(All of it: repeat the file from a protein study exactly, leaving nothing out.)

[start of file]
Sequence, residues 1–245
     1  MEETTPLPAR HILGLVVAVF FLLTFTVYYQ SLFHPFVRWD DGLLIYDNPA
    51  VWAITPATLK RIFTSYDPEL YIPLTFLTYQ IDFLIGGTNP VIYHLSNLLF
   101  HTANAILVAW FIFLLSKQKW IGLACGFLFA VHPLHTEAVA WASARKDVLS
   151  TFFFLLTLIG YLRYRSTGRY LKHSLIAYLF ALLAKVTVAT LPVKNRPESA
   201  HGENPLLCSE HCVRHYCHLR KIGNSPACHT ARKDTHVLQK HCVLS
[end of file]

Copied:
Sequence, residues 1–245
     1  MEETTPLPAR HILGLVVAVF FLLTFTVYYQ SLFHPFVRWD DGLLIYDNPA
    51  VWAITPATLK RIFTSYDPEL YIPLTFLTYQ IDFLIGGTNP VIYHLSNLLF
   101  HTANAILVAW FIFLLSKQKW IGLACGFLFA VHPLHTEAVA WASARKDVLS
   151  TFFFLLTLIG YLRYRSTGRY LKHSLIAYLF ALLAKVTVAT LPVKNRPESA
   201  HGENPLLCSE HCVRHYCHLR KIGNSPACHT ARKDTHVLQK HCVLS